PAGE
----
Notes from An Alien

~ Explorations In Reading, Writing & Publishing ~

More Conversation about Reading Challenging Books . . .

We began this conversation on September 12th… Challenging books

And, I’m quite happy because it takes at least one comment to continue a discussion and we have four :-)

I feel the best approach today is to share the comments all in a row, then I’ll attempt a bit of commentary…

From Julie:

“I find books where I don’t like the main character challenging and books with loads of blood and gore; but, the most impossible books were by Proust. Good job I didn’t study literature at University. His were bound to be set books! I did read a translation of some works by Dostoevsky a long time ago. I think my tastes have changed. I can’t cope with fantasy books any longer, although I used to enjoy Science Fiction. I can still admire sophisticated language but hate a lot of swearing. When I read a book I want to become involved. Is that too much to ask?

“PS I certainly couldn’t read anything in another language!”

From CarolinaC:

“There are definitely some types of content that I find to be too much of a challenge – too much violence, strong language, or explicit sexuality, for instance.

“I’ve also tried reading Cherryh and never gotten very far, alas.

“Maybe I’m just not destined to read challenging writing?”

From Martina:

“Challenging topics for me are violence and explicit sexuality when I don’t see what the author wants to achieve with them. When I read “The Woman in White” for the first time, I simply couldn’t understand why the protagonist kept up his love for the – in my eyes – wrong woman.

“And, I made at least two attempts to read a book by the French sociologist Pierre Bourdieu. I found the German translation so French that I simply couldn’t understand anything.”

From Jessica:

“I find works that play too strongly to cliches and tropes challenging to read. I think a lot of people gobble them up, but if I’ve seen it done before and the writer isn’t bringing something new to the table, I’m left staring at their work wondering why I’m bothering.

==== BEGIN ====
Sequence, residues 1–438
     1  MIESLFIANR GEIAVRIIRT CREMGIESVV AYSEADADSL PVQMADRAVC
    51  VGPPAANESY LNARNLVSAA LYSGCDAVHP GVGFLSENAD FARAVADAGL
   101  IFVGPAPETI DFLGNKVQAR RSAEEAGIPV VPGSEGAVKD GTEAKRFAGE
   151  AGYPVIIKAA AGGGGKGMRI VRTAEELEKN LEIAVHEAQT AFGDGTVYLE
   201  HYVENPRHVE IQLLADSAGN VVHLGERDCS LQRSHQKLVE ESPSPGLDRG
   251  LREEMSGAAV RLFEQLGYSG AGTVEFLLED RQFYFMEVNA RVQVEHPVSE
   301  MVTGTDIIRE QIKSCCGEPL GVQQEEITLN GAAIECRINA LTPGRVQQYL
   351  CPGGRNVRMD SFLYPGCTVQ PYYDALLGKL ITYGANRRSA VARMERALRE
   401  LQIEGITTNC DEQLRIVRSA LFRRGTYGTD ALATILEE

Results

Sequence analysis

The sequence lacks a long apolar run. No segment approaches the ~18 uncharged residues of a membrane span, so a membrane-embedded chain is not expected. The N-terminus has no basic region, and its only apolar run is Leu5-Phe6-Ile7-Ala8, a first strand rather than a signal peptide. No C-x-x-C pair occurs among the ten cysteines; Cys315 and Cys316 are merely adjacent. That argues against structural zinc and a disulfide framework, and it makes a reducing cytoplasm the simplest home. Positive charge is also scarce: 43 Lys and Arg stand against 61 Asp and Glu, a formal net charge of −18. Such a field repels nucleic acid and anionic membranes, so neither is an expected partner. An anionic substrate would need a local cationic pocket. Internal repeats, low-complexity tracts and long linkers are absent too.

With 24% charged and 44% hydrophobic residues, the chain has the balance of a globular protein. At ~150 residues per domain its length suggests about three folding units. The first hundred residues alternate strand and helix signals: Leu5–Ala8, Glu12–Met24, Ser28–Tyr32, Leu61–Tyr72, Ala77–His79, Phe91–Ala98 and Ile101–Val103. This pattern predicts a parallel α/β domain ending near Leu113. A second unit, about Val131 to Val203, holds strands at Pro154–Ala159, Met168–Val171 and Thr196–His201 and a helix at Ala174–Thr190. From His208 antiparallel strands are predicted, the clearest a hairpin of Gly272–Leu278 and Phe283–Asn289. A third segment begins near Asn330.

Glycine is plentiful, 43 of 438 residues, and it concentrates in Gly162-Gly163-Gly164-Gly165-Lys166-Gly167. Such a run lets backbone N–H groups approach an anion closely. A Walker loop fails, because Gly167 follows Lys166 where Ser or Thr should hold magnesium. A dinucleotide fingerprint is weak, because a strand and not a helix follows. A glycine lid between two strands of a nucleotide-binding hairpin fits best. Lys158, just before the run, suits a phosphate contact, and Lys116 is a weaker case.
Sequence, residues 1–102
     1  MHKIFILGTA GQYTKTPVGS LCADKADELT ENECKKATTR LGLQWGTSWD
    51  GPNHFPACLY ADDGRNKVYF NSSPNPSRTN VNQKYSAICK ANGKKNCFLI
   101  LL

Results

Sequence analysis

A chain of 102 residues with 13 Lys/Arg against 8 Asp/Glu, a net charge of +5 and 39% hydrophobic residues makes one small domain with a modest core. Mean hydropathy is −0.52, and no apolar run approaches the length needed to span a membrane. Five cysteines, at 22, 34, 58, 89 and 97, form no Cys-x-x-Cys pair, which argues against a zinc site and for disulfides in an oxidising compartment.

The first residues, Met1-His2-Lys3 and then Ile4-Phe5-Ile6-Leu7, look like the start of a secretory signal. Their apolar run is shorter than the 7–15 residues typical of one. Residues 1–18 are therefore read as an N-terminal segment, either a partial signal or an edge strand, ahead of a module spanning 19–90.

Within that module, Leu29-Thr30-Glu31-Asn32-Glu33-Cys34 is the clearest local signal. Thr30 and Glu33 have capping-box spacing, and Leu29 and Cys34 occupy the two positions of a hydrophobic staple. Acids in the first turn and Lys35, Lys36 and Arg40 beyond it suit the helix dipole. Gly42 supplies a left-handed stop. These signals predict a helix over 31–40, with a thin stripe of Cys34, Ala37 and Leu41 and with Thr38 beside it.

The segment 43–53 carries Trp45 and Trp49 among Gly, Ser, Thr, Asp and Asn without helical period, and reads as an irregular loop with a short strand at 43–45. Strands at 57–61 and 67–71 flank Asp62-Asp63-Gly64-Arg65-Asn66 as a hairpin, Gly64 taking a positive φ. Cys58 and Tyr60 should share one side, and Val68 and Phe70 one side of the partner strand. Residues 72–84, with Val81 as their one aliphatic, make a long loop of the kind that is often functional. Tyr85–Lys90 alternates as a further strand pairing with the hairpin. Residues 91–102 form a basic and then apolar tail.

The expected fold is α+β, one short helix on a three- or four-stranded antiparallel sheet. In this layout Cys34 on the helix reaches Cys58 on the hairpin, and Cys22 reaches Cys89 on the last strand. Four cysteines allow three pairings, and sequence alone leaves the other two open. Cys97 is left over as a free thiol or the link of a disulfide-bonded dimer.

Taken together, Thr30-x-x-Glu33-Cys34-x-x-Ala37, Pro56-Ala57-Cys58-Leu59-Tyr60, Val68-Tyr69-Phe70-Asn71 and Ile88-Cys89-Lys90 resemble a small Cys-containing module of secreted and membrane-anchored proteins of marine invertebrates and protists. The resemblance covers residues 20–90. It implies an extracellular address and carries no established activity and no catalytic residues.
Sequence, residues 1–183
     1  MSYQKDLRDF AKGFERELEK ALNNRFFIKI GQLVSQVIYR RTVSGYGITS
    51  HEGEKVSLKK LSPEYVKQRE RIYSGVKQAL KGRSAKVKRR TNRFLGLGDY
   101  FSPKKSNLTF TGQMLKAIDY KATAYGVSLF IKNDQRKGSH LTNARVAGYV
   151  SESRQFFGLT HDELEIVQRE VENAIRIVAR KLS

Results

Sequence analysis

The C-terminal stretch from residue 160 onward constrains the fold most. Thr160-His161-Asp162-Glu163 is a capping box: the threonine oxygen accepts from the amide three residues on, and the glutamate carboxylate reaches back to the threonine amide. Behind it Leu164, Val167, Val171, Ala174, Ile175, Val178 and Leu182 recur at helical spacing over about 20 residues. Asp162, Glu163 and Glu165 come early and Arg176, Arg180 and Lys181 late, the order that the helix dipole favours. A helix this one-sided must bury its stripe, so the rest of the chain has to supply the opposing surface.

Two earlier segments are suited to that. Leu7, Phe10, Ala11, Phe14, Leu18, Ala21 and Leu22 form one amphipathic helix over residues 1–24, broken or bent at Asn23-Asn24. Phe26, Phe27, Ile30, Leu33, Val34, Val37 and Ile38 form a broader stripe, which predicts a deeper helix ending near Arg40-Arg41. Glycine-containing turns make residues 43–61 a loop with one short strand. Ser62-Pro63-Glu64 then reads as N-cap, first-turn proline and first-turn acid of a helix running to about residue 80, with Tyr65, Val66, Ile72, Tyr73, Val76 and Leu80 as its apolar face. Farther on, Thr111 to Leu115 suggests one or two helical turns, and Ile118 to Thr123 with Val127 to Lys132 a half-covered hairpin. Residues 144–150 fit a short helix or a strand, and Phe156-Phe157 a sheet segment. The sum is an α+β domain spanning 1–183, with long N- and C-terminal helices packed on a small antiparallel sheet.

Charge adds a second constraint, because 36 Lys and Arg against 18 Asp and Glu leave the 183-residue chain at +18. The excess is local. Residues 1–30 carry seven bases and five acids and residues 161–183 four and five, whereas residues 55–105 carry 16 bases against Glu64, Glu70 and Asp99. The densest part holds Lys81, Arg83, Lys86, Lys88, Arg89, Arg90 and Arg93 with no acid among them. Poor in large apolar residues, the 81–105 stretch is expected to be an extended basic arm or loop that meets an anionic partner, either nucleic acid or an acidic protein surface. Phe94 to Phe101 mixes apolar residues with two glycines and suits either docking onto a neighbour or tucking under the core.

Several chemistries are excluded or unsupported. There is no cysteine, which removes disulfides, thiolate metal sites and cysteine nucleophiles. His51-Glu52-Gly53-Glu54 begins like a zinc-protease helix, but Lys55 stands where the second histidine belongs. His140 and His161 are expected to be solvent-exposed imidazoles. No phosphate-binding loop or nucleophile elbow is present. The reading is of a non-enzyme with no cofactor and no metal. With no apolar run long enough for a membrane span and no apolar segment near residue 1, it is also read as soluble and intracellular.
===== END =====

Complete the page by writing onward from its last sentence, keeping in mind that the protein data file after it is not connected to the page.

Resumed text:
“I read “Cards of Chaos” by A. D. Jansen recently and it was a challenging read because the prose was very tight and technical, it covered a lot of philosophy; and, because it descended into a stream of consciousness narrative for a bit. I loved the book and the very things that make it challenging are some of it’s best features.

“It’s interesting to me that challenges can be both good and bad for readers. Sometimes it drives us forward and other times it has us walking away in disgust.”

As far as Julie not liking Proust, the link I gave to his name takes you to an article, by Germaine Greer, in The Guardian entitled, Why do people gush over Proust? I’d rather visit a demented relative.

I barely know anything about Greer and I’ve never read Proust; but, I also didn’t study literature at University—I hated school; but, have read a huge amount of books; but then, I am an old guy…

I’ve read and re-read a few books by Dostoevsky—he was a bit of a challenge though it may have been the particular translations

I wholeheartedly agree with Julie on this: “When I read a book I want to become involved. Is that too much to ask?”

And, even though CarolinaC had difficulty with my favorite author, Cherryh, and went on to say,”Maybe I’m just not destined to read challenging writing?“, I told her:

Or, you haven’t found *Your* proper Challenge :-)

Martina‘s comment sent me on a merry search spree—found out they made a serialized TV show about The Woman in White—pondered on folks’ love of the “sensationalist” nature of the book—never read it but, after all the searching to find something decent to link to about it, I don’t think I’ll be facing its particular challenges…

And, coincident with Jessica, books that are mostly cliches and tropes give me indigestion… Plus, she summed up why my favorite fiction writer, C. J. Cherryh—a definite Challengeis my Fav, with this, “…the very things that make it challenging are some of it’s best features”…